Is Anarchism on the Left, Right, Post-Left, or Beyond Left and Right? Reply

In Paul Eltzbacher’s classic scholarly work on classical anarchism, he argued that each of the “Big Seven” classical anarchist figures (Godwin, Stirner, Proudhon, Bakunin, Kropotkin, Tucker, Tolstoy) represented their own political paradigm. I once heard James Corbett say, correctly I think, that anarchism is not a philosophy but an ecosystem of philosophies. Alejandro de Agosta describes anarchism as “a decentralized federation of philosophies as well as practices and ways of life, forged in different communities and affirming diverse geohistories” which one of the best definitions I’ve heard to date.

I call myself a pan-anarchist or an anarcho-pluralist or an anarcho-ecumenicalist. I would group anarchical philosophies into different categories: proto-anarchisms, classical anarchisms, neo-anarchisms, neo-classical anarchisms, anarchist hybrids, anarchist parallels, anarchist cousins, implicit anarchisms, situational anarchists, attitudinal anarchisms, post-anarchisms, etc.

A big point of contention between different types of anarchists appears to be over the issues of equality vs. liberty vs. community vs. anti-authoritarianism. The main criticism I have of the mainstream anarchist milieu, in its present form, is that it tends to elevate the idea of equality to absurd levels while ignoring or rejecting other aspects of anarchist thought.

Equality means different things in different contexts. The classical 18th-century liberal philosophy was opposed to the systems of ascribed status that existed in traditional societies like rule by hereditary monarchies, aristocratic titles, clerical privileges, indentured servitude, and slavery. When capitalism came to be the dominant mode of production, the issue was the oppression of workers. The civil rights revolution of the postwar period was about the lack of access of historically subordinated groups (like women or ethnic minorities) to basic political and economic rights like education, jobs, voting in public elections. Nowadays, “inequality” is used to mean virtually anything. Sports teams give out participation trophies so less competent players won’t feel left behind. A while back I saw where the Miss America pageant was eliminating the swimsuit competition because presumably, not all women are equally hot in a swimsuit. I’ve seen SJW types cry “racism” because white hairdressers aren’t skilled in styling black hair textures. It seems to be the ethos of helicopter parenting being applied on a social and cultural level. Hence, the fixation on “microaggressions,” “cultural appropriation,” and “indirect oppression” and so forth. This kind of stuff seems to be the latest hobby project for middle-class busybodies, the same way they would have crusaded against the corrupting influence of comic books in the 1950s or something.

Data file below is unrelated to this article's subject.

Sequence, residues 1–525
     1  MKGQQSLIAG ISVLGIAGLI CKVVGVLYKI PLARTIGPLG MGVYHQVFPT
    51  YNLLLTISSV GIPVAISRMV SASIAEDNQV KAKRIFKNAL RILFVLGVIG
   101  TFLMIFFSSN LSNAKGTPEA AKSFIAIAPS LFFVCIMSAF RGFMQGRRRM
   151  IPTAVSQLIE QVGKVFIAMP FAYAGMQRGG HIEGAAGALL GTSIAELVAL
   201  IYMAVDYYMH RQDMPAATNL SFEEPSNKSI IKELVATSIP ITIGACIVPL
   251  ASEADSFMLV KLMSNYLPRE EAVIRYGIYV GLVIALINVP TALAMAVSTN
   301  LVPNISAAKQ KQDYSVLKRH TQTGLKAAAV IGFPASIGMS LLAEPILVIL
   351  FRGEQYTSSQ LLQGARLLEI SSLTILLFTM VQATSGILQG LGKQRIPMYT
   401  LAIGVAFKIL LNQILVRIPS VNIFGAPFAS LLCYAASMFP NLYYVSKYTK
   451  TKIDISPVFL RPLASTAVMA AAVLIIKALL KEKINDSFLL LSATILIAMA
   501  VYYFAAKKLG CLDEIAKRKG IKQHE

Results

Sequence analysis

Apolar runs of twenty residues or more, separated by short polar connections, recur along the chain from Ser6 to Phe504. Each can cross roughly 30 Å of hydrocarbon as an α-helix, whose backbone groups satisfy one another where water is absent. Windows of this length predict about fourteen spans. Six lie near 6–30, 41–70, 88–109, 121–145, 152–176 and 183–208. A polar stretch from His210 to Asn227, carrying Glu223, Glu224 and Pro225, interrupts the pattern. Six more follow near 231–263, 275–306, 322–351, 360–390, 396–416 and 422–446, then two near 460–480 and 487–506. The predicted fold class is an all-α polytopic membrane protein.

What’s interesting however is that while the modern Stepford wives are fixating on all these things, the re-feudalization of the economy and the re-proletarianization of labor is taking place throughout the developed world, particularly in the US. I lean toward the view that the reason the civil rights revolution (and its many penumbras) emerged in the postwar period was that for the first time in history we actually had post-scarcity societies so there was enough affluence where people could afford to devote their attention to other things besides material survival. Hence, the increased concern about ecology, discrimination, deplorable conditions in prisons and mental institutions, etc. that developed in the postwar period. I suspect the present-day fixation on microaggressions will decline as social conditions get worse, although the danger is that social cleavages could become even more pathological and result in real interethnic violence, civil war, and things like that.

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